What Employers Need to Know About Partial Plan Terminations

Updated May 2021

In mid-2020, the U.S. government provided relief from partial plan terminations for companies that furloughed or laid off workers as a result of the pandemic but rehired employees by December 31, 2020. Just a few days before year-end, however, Congress extended and expanded this relief an additional three months.

While the extension of the temporary relief has passed, it is still important for plan sponsors to understand the rules and potential consequences of partial plan terminations.

Before Congress provided relief because of the pandemic, a partial plan termination would have generally occurred when 20% or more of employees participating in a defined benefit or defined contribution plan were involuntarily terminated from employment.

In addition to this general rule, there are several specific aspects of partial plan terminations that employers need to understand:

  • Determinations based on “facts and circumstances”: To determine whether a partial termination has been triggered, plan sponsors are required to review the “facts and circumstances” surrounding the reductions in workforce. Different rules may apply if the terminated employees work across business lines in an entity or the terminations span more than one plan year.

  • Only involuntary terminations apply: Only employees who are terminated for involuntary reasons count toward the partial plan termination trigger. On its FAQs page, the IRS said that routine turnovers and certain spin-offs may not count toward a partial plan termination. Employers may provide evidence to the Internal Revenue Service (IRS) that the turnover rate was not the result of an employer-initiated severance.

  • Other triggers: Partial plan terminations can happen for reasons other than layoffs or furloughs, such as when plan amendments exclude employees or adversely affect vesting rights, or when reduced or eliminated future benefit accruals result in a reversion to the employer.

  • Consequences: When a partial plan termination occurs, affected employees (i.e., those who have been terminated that year) automatically become 100% vested in all employer contributions, including matching contributions. In general, a plan will remain qualified only if it makes all employees affected by a partial plan termination whole. Failure to comply with rules and requirements following a partial plan termination can have dire financial consequences for the plan sponsor, including disqualifying the entire plan, which could result in major tax liabilities and penalties.

  • Making corrections: If an error in making affected employees whole has occurred, it is possible to fix the error using the Internal Revenue Service (IRS)’s Employee Plans Compliance Resolution System (EPCRS).

  • Considerations for defined benefit plans: The Pension Benefit Guaranty Corp. (PBGC) wants to be informed of reportable events that could trigger a partial plan termination. These include when the number of active participants in a plan goes below 80% or when operations at a facility stop, reducing the number of eligible employees by 15%. The PBGC needs to be informed of these events so it can prepare for the possibility of having to take over such plans.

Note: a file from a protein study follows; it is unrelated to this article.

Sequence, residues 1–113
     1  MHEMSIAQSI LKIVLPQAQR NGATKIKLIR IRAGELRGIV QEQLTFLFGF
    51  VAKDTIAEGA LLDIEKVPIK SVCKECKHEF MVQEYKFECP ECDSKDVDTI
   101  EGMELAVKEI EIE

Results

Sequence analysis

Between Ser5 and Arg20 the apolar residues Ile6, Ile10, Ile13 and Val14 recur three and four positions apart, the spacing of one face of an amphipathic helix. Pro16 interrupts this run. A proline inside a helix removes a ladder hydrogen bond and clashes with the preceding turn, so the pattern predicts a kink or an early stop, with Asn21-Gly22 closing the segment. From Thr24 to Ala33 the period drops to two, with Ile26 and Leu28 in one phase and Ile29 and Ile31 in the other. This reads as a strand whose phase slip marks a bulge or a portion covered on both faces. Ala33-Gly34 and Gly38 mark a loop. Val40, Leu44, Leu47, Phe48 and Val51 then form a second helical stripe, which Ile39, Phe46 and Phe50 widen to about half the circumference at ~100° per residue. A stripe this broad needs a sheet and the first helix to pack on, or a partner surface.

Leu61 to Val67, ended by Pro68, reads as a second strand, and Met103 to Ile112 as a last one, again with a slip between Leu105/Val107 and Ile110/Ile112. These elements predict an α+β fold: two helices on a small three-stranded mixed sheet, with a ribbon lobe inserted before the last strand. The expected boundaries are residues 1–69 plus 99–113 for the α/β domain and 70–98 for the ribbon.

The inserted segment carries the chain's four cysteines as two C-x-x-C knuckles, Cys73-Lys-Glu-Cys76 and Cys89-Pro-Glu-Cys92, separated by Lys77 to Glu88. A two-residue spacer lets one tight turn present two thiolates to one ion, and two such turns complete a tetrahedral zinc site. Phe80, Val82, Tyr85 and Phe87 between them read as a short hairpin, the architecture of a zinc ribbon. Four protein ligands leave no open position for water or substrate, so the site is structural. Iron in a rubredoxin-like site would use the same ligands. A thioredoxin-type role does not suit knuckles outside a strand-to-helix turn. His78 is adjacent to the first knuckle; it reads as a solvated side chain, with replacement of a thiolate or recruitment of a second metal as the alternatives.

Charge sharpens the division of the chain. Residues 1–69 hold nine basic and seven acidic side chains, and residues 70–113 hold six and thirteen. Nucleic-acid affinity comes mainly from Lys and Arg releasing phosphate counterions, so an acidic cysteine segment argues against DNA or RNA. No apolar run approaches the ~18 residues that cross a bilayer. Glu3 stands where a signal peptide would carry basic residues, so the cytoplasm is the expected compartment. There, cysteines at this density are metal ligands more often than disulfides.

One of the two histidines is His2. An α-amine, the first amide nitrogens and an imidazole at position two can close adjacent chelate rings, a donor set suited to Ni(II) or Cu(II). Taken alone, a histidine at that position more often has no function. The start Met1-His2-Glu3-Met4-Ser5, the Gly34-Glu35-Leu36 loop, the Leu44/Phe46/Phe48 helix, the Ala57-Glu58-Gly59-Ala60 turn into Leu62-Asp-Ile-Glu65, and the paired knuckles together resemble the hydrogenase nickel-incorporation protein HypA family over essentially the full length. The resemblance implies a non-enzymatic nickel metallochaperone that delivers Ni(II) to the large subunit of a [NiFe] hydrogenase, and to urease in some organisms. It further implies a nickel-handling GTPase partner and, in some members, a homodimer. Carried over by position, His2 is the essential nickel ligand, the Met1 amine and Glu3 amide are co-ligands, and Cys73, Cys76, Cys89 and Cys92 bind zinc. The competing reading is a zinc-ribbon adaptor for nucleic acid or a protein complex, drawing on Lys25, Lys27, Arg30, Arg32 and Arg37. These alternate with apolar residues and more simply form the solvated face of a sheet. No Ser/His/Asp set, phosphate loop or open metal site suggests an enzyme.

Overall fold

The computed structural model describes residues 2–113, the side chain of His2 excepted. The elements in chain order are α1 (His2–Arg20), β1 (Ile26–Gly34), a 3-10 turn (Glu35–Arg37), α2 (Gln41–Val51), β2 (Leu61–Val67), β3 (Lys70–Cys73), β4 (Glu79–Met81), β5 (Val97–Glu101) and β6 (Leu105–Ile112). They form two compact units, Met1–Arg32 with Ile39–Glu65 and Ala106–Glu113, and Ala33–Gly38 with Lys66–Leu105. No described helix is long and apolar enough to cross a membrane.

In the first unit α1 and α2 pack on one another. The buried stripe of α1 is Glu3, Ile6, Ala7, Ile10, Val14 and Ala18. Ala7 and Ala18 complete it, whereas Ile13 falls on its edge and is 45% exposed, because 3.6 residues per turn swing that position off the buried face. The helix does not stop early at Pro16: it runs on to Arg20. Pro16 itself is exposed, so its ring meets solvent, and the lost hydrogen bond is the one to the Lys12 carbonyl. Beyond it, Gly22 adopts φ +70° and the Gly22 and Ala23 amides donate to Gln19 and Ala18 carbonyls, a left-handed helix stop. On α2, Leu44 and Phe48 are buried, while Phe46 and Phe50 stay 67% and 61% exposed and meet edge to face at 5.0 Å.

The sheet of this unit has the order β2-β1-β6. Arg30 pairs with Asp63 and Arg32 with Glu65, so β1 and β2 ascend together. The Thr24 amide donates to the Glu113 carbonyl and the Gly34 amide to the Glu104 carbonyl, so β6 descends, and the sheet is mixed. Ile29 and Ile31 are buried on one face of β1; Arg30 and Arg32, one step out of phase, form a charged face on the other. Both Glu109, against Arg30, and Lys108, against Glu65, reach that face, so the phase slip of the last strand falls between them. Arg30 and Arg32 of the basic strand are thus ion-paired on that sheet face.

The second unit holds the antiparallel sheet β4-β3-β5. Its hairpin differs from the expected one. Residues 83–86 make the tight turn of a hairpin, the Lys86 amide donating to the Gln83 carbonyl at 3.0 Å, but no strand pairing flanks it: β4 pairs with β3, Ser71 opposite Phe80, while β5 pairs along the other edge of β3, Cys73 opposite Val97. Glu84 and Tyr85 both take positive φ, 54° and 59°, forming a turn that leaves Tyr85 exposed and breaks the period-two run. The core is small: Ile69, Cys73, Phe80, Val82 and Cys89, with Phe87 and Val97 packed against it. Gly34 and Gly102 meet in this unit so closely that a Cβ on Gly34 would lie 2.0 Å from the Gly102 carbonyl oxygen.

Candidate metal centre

• Considerations for multiemployer plans: Multiemployer plans need to be aware that partial terminations can happen when there is a partial suspension of an employer’s contributions or contributions decline by at least 70% over a three-year period. A variety of calculations are required depending on the multiemployer plan’s industry and other circumstances, but the 70% threshold is a good barometer to track. 


New law extends relief through March 31

The Consolidated Appropriations Act, 2021 says that an employer can be exempt from the partial plan termination rules if the number of active participants covered by the plan on March 31, 2021 is at least 80% of the number of active participants covered by the plan on March 13, 2020. This rule expands IRS guidance from mid-2020 that allowed employers to avoid a partial plan termination if they furloughed or laid off workers as a result of the pandemic, but rehired employees by December 31, 2020.

It is important to note that employers don’t need to rehire the specific workers who were laid off; rather, the relief is based on the total number of active participants. And “active” is an important qualifier because some plans require a waiting period for new hires before they become active participants in the plan. Furthermore, without additional guidance at this time, there are lingering questions for employers that have already fully vested participants because of a partial plan termination that may have occurred during the pandemic.


BDO Insight: Don’t Count on Further Extensions

While it is possible that the March 31, 2021 deadline may be extended, employers shouldn’t assume that this will happen. Employers that have made significant workforce reductions, whether because of the pandemic or otherwise, need to analyze their active plan participant numbers to see whether they may be below the 80% threshold. In addition, employers should understand that a partial plan termination generally would reduce forfeitures in the plan if affected participants are fully vested due to a partial plan termination. Forfeitures result from unvested balances from participants who leave the company. Many employers regularly use forfeitures to reduce plan expenses or fund employer contributions.

Your BDO representative can review your company’s unique situation to help determine whether you may be at risk for a partial plan termination and how to comply with these rules.

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